The opening of large mines at the new town of Miami from 1907 to 1911, a few miles away, benefited the county seat. Copper production from Globe-Miami mines surpassed Bisbee in 1916 and remained in the lead until the 1930s. But while other copper mines in Arizona shifted to open pit extraction, the Old Dominion remained an underground operation. Tunneling reached the aquifer in 1894 and pumps had to be installed, adding to the cost. By 1914, 3.8 million gallons of water had to be brought to the surface every day. With the coming of the Great Depression copper mines all over the state closed, including the Old Dominion in 1931. It never reopened. When copper prices rose again the workforce in Globe drove to Miami for high paid jobs.
Transportation spending brings prosperity for many Arizona communities. While Globe remained far from a railroad mainline it did end up on well-traveled highways. In 1905, Globe became a freight hauling point on the newly constructed Apache Trail, a dirt road from Mesa to Roosevelt Dam and on to Globe and Miami. Most of this freight would come from Mesa, but the Southern Pacific railroad began bringing tourists to Globe. There, they would board buses for a scenic ride over the Apache Trail, returning to the train in Mesa. When transcontinental highways were built and lined with gasoline stations and motels, Globe was a stop on the Lee Highway beginning in 1921. Later it would be numbered US Highway 180 and by 1938 renumbered Highway 70. Another highway, connecting Phoenix with Springerville, Highway 60, was routed through Globe in 1932.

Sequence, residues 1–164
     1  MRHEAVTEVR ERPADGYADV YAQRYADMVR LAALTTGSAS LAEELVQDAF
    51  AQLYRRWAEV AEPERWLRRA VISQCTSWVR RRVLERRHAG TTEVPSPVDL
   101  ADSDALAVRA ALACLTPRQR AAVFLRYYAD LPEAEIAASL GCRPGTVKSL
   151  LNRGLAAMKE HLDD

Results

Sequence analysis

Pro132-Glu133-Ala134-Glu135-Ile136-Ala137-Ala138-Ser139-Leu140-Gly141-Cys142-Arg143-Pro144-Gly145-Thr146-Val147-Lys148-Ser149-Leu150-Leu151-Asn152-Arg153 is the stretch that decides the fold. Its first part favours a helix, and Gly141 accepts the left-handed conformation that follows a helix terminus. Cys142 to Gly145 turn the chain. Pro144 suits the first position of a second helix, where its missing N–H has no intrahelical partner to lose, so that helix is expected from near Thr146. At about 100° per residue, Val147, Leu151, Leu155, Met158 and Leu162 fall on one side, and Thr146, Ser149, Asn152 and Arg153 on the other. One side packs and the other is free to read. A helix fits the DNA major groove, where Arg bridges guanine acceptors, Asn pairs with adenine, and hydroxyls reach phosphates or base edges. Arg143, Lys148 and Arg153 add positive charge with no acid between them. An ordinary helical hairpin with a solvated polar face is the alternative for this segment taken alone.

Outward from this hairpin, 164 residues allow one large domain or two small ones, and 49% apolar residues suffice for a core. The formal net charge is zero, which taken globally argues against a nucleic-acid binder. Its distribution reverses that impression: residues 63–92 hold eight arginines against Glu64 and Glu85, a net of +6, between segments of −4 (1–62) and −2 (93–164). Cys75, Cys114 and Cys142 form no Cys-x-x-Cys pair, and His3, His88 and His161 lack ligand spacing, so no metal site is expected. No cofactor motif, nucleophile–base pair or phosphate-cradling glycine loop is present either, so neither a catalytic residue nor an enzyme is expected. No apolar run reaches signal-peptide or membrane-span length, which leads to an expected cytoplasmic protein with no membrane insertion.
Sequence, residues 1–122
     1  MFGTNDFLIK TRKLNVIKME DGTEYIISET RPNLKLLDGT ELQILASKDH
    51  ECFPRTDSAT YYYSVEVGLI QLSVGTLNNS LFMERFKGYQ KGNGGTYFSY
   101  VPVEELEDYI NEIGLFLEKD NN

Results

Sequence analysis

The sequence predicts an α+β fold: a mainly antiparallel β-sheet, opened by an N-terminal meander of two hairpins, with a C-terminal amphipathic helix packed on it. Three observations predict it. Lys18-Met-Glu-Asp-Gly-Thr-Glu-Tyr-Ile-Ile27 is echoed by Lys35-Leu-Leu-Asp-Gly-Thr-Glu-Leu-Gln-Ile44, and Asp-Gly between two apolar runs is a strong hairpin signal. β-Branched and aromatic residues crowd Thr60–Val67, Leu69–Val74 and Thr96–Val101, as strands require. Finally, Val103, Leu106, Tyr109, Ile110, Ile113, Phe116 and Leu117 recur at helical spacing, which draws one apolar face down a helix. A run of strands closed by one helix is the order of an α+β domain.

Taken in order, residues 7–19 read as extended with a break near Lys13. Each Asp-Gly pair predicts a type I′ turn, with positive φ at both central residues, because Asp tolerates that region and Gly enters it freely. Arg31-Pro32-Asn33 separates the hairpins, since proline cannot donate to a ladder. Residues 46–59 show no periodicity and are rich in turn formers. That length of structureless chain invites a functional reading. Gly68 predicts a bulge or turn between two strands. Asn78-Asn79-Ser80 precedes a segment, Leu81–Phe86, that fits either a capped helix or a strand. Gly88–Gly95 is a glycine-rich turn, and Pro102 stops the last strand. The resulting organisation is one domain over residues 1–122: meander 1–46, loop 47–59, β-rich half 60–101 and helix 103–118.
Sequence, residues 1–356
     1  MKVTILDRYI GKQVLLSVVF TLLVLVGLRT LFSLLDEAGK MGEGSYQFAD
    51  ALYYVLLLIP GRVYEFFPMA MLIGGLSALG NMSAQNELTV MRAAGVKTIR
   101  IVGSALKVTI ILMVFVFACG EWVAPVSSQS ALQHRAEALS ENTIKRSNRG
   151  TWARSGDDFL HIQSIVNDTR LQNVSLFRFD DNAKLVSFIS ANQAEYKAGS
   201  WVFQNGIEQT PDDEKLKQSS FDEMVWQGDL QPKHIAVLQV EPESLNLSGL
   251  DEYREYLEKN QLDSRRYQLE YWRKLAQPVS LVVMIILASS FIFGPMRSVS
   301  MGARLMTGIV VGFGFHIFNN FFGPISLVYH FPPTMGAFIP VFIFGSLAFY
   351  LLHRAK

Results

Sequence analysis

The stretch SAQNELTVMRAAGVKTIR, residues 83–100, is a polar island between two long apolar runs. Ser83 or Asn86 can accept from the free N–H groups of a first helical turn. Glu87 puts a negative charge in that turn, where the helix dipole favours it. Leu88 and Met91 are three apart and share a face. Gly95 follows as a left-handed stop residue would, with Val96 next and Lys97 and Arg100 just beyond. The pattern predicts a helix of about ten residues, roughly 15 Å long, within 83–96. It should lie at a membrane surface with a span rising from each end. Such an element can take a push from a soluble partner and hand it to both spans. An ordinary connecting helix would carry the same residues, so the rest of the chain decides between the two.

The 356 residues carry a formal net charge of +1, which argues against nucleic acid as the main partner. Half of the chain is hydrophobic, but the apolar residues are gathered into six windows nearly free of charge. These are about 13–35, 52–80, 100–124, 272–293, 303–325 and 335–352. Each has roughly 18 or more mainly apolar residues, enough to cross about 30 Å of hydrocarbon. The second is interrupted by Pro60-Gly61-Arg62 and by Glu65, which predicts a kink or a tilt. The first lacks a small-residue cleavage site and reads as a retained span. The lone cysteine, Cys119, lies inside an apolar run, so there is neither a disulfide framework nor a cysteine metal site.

Travel on Highway 70 led to a healthy food and lodging industry at Globe’s northeast entrance, from the junction with Highway 60 to the downtown. The common design of cabins with garages around a central court provided a bed for the night. They were called auto courts or motor hotels or by some variation. The El Rey (still in business) opened in 1938 and probably issued this card the same year. “One of Arizona’s finest,” said the back of the postcard, “recommended by Duncan Hines.”
These photos appear to have been taken when the new eatery opened in December 1938. There’s a sign on the covered wagon tarp that says, “Welcome! You’re in the West. It doesn’t matter how you’re dressed.”
The last few decades have been brutal for Arizona copper towns, finally leaving most of Globe and Miami out of work. Housing development peaked and investors turned to driving up metal prices. Just before the present economic depression, high copper prices looked to reopen the Miami mines. In 2007 the Arizona Republic reported, “Many of Miami’s houses and commercial buildings were abandoned years ago and are crumbling and uninhabitable. Neither Miami nor Globe, four miles to the east, has enough dwellings to accommodate the new miners and their families. Miami’s aging water and sewer systems can barely handle existing residents, and in Globe there is little private land available on which to build homes.” Nobody expected copper prices to go up so fast, explained the Miami Vice Mayor.